Stand Up For Yourselves

Via reader JW, here’s a bit of heartening news:

More than 100 Seattle Times news staffers signed a protest letter Thursday against The Times Co.’s decision to sponsor political ads promoting Republican gubernatorial candidate Rob McKenna and the Ref. 74 campaign to legalize gay marriage.

The Times launched the campaign with a full-page pro-McKenna ad in Wednesday’s editions. Company officials described the campaign as an effort to demonstrate the effectiveness of newspaper advertising and attract new political-ad revenue.

But the letter from Times newsroom staffers, delivered Thursday to Publisher Frank Blethen, warned the campaign threatened the newspaper’s credibility with readers.

“We strive to remain independent from the institutions we cover. We shine a light on the process from the outside. We are not part of the process. This ad threatens to compromise that integrity,” the letter said, noting The Times had become “part of the campaign’s machinery, creating a perception that we are not an independent watchdog.”

Which is exactly right, and would have been right if the paper’s ads had said the opposite as well. You can’t life the rest of us about how you’re the last bastion of independent democracy while letting your bosses make a mockery of that upstandingness every single day. There’s always a risk in this kind of protest, sure, but in the end the greater risk is looking like you don’t notice, or don’t care, what is being done in your name.

A.

3 thoughts on “Stand Up For Yourselves

  1. Dan says:

    I have to be honest, I’m torn on this one A. Newspapers aren’t objective because people aren’t objective. I’d much rather an outlet wear its biases on its sleeve than pretend to be some sort of neutral observer standing above the fray.
    So if the publisher wants to sponsor political ads, great. Newsroom staffers want to protest, great as well. But spare me the hand wringing over how it damages some (self-)perceived sense of independence. Every goddamn page of a newspaper is an op-ed page, and the sooner we stop with the charade that it’s not the better off both the writers and readers will be.
    We all have opinions. Own that and jump into the fray.

  2. thebewilderness says:

    What they have done is make a joke of their candidate endorsements. Every time that one of the candidates runs an ad that claims an endorsement from the Times it now damages, instead of helps, the candidate by undermining the credibility of both.
    The Times spent a lot of column inches trying to convince us over the years that the death of the PI would be no great loss. They then put on the pressure to the reporters to serve the needs of the advertisers, and lost some excellent reporters in the process.
    Now they will lose some subscribers and blame everyone but themselves for it.
    It reminds me of what my cousin was told early on in her job as patient advocate at a hospital. While her job is to advocate for the patients she must never lose sight of who she works for. It is a fine line to try to walk and newspapers have a history of pretending to try. Not any more.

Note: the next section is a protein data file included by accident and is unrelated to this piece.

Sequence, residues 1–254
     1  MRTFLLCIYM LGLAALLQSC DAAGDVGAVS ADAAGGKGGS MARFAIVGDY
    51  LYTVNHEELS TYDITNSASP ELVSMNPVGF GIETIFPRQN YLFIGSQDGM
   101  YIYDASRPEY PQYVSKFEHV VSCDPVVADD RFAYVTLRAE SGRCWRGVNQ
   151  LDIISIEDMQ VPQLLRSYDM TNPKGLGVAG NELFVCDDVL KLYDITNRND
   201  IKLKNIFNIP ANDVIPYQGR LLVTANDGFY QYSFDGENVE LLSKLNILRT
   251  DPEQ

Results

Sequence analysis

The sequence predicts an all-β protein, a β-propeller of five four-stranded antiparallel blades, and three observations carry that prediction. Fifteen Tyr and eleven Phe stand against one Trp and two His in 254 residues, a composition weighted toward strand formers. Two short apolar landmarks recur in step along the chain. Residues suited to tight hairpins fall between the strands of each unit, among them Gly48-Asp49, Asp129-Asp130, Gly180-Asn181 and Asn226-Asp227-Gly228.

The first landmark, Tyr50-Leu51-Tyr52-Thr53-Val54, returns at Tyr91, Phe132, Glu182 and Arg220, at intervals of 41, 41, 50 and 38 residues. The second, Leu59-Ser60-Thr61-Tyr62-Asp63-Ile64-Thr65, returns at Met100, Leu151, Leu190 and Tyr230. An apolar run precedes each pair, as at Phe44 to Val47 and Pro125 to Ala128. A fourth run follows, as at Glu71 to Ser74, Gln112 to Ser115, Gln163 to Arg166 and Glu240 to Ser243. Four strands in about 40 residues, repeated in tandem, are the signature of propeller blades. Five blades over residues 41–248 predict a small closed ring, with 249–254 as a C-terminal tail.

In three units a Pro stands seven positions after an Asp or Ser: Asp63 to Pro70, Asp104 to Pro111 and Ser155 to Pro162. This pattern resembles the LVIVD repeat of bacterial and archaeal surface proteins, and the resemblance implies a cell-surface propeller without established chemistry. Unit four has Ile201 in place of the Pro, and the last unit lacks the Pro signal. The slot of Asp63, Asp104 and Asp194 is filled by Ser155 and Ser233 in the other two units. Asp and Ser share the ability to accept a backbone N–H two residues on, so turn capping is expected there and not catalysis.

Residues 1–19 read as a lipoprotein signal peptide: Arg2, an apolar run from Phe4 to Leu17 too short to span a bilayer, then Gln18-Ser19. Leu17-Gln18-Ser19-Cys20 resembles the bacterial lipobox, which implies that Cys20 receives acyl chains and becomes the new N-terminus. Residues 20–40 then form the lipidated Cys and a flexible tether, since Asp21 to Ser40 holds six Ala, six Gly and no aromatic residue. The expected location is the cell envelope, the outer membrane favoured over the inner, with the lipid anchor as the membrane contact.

3. MapleStreet says:

    The ability of an editorial board of a paper to endorse one candidate or the other has always been a strong way for newspapers to sway elections (although I’ve always wondered why what the newspaper editor endorses should be a measure of my political beliefs).
    Likewise, many news outlets have taken to swaying elections by the tone they use in covering the news (recent example – After second prez debate I posted link to news page with title along lines of Local Politicians say Romney Won. Reading the article, the reporter had apparently talked to one repub leader who praised Romney. Then second half of article is reporter apparently talked to the dem for the area who said Obama won. Someone skimming headlines would have easily concluded that Romney won according to both sides of the aisle.
    As a business / corporation, Citizens United makes it where they can make donations to the candidates of their choice. However, a lopsided contribution puts them into the question of the ethics of Faux News. Goes for direct contributions or contribution of services (ads).
    I’m interested in that the two beneficiaries are a repub candidate and a Gay Marriage bill (which one generally doesn’t associate with the repubs).
    But even with the ethical slime they have already dug for themselves, I gather from the story that they picked 2 causes and gave them space just to show that advertisements have an effect (and persuade others to buy ads). If they are toying with the election process strictly for the purpose of spurring other candidates to spend money on their ads, then they are quilty of some of the vilest cynicism I can think of.
    You’d think they would have learned by the backlash against Pizza Hut’s attempt to get a certain question asked during the debates.

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